Henry Lazenby| Mining Weekly | 16 August, 2016
Despite having $51.3-million in its coffers as at the end of June, marine mining pioneer Nautilus Minerals on Monday announced that it would implement several measures aimed at preserving the company’s capital position while it sought to secure further project financing.
The TSX-listed company advised that following a review of all aspects of its business, it was reducing the workforce, terminating contracts for the construction of any seafloor production equipment that was in the early stages of development and that it would not enter into any new construction contracts until it could source additional funding.
The company had previously planned for the construction and development of the entire seafloor production system for initial deployment and testing operations at the Solwara 1 project, offshore Papua New Guinea (PNG), to be completed by first quarter of 2018, based on the company’s project timetable and subject to securing additional project funding.
However, Nautilus had thus far been unsuccessful to secure the required money, resulting in an indefinite delay of production.
Nautilus advised that the company and its operating subsidiaries was exploring alternatives for securing immediate bridge financing to facilitate the time required to secure the “significant additional project funding” that is needed and/or to explore alternative transactions aimed at maximising shareholder value. There could be no assurances that the company would be able to obtain the necessary bridge financing on acceptable terms or at all, it advised.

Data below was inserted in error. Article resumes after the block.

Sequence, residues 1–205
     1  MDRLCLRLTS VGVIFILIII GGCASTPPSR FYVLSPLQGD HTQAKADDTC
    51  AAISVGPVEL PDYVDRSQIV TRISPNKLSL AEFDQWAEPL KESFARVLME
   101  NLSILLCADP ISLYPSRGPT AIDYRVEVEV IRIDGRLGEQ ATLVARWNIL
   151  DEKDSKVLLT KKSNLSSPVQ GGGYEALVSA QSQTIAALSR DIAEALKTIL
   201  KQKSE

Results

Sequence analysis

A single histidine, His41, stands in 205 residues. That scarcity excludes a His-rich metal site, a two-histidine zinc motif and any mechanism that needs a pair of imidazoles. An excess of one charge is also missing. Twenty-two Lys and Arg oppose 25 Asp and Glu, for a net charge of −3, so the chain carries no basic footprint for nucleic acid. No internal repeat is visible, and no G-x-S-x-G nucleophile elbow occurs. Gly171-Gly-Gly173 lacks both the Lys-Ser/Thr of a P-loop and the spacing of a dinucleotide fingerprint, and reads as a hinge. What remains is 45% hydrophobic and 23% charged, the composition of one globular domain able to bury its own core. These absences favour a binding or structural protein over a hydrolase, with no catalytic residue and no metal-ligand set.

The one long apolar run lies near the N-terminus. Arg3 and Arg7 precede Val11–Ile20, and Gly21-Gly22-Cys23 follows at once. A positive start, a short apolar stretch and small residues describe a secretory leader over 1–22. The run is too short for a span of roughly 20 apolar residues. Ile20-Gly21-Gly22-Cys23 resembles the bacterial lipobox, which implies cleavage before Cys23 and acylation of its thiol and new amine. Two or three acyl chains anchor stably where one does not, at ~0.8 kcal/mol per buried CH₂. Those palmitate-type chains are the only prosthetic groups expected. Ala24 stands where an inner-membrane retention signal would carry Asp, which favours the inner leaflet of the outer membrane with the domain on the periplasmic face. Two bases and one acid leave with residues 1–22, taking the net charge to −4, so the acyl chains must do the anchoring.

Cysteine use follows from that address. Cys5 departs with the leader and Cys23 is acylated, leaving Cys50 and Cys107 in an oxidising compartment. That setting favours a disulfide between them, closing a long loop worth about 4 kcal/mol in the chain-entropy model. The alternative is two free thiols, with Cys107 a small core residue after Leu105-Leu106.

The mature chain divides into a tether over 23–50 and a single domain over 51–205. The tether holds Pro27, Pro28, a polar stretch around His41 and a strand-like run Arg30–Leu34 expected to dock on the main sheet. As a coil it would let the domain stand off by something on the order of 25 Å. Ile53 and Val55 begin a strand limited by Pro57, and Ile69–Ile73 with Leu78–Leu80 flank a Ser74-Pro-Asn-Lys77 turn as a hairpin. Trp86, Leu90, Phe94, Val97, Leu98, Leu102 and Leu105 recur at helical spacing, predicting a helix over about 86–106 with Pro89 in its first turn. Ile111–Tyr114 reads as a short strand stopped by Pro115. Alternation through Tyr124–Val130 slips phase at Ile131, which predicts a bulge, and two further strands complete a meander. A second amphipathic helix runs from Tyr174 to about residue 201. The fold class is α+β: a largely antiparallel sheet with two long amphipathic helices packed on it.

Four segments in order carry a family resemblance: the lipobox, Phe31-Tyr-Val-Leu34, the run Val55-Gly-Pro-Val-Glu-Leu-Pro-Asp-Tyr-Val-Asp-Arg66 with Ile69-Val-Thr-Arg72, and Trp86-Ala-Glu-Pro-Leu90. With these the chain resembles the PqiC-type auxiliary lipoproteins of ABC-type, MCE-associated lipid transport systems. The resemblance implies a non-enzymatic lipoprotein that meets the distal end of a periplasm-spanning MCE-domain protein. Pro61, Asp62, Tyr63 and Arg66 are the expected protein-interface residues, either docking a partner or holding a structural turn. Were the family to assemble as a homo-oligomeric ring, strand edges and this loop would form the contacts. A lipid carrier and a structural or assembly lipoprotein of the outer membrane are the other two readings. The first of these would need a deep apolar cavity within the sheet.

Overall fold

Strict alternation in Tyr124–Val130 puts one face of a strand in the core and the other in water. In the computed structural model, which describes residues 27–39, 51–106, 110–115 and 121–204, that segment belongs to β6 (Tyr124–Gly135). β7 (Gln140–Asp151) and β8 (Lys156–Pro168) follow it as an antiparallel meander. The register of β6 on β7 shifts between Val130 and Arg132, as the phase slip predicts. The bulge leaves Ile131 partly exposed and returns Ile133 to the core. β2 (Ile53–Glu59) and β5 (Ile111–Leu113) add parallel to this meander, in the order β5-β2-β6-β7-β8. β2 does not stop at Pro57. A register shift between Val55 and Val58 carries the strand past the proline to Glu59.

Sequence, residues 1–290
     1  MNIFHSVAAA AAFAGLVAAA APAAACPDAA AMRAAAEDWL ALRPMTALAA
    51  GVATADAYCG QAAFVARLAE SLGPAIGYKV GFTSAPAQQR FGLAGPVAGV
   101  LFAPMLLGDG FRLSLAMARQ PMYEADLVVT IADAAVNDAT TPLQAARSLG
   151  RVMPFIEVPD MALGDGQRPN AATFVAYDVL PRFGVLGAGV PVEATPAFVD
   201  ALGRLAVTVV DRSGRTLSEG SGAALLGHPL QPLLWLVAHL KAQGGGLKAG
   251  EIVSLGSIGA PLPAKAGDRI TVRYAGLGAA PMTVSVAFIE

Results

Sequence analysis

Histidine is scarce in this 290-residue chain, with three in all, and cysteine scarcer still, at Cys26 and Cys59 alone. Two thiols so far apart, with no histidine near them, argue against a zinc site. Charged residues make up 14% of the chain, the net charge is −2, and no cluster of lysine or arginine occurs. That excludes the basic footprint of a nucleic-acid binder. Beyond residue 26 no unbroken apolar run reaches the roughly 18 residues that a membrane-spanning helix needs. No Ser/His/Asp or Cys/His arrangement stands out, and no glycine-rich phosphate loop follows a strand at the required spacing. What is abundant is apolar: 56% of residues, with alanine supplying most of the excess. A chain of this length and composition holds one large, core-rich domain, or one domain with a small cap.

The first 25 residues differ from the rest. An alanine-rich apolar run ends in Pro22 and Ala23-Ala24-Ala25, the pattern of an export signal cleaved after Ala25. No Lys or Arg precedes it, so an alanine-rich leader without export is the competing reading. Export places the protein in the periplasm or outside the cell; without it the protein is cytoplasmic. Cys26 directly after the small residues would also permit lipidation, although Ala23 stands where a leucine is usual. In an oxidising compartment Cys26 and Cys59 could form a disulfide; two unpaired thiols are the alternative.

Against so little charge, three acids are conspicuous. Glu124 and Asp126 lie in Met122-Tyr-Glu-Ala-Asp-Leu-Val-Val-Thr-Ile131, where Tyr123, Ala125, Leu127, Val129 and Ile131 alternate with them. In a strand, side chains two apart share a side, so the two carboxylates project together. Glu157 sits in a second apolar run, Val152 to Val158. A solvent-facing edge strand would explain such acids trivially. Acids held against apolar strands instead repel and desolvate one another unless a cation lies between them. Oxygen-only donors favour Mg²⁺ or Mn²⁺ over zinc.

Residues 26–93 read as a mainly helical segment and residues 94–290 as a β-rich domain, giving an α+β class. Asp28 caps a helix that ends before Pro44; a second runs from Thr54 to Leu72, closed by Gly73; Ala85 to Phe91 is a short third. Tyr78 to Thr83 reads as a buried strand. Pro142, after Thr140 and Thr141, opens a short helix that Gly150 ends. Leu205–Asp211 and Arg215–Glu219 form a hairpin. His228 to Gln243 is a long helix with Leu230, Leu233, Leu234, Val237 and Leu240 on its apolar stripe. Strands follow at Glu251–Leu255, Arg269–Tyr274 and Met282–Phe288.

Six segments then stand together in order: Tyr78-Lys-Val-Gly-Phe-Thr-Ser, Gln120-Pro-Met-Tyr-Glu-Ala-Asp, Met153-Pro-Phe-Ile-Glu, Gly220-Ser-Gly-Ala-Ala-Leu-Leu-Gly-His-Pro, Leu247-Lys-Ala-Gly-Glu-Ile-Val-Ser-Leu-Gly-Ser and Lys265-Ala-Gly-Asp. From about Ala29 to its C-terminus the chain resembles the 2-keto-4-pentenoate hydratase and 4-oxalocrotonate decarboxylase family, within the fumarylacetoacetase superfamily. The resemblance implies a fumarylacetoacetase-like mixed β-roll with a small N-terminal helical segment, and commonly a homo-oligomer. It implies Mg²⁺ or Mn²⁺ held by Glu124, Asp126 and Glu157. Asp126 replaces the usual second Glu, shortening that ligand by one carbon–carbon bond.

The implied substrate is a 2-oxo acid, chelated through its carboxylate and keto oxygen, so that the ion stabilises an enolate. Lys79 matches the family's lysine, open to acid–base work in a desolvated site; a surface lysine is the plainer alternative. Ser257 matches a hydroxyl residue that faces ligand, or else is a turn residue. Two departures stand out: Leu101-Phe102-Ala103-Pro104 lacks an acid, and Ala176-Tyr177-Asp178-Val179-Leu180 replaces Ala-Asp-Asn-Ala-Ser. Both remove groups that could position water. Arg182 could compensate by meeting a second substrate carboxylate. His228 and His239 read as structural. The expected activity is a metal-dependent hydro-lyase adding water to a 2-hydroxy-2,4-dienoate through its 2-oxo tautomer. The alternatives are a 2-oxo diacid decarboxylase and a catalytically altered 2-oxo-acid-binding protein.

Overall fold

The total capital cost for the system to deliver dewatered ore on board barges to the Port of Rabaul, including a 17.5% contingency, was estimated at $383-million. The operating cost, excluding contingency, was estimated at $237 000/d, or about $64/t of mined ore, transported to the port based on a production rate of 1.35-million tons a year. With a 10% contingency, these operating costs totalled $261 000/d or about $70/t.
Nautilus had formed a joint venture (JV) company with PNG’s nominee, Eda Kopa (Solwara), in December 2014 to mine high-grade polymetallic seafloor massive sulphide deposits. Nautilus held an 85% shareholding and Eda Kopa 15%.
The JV had taken delivery of the three main seafloor production tools (SPTs) from British manufacturer Soil Machine Dynamics’ (SMD’s) facility, in Newcastle upon Tyne. They had been moved to Oman, where they were scheduled to undergo extensive wet testing at the Port of Duqm.
Nautilus planned to use the SPTs to cut and extract high-grade copper and gold from the seafloor at the Solwara 1 project site in the Bismarck Sea.
The proposed project had been met with fierce opposition from environmentalists arguing that the impact of deep sea mining on the various levels of marine ecosystems were not fully understood.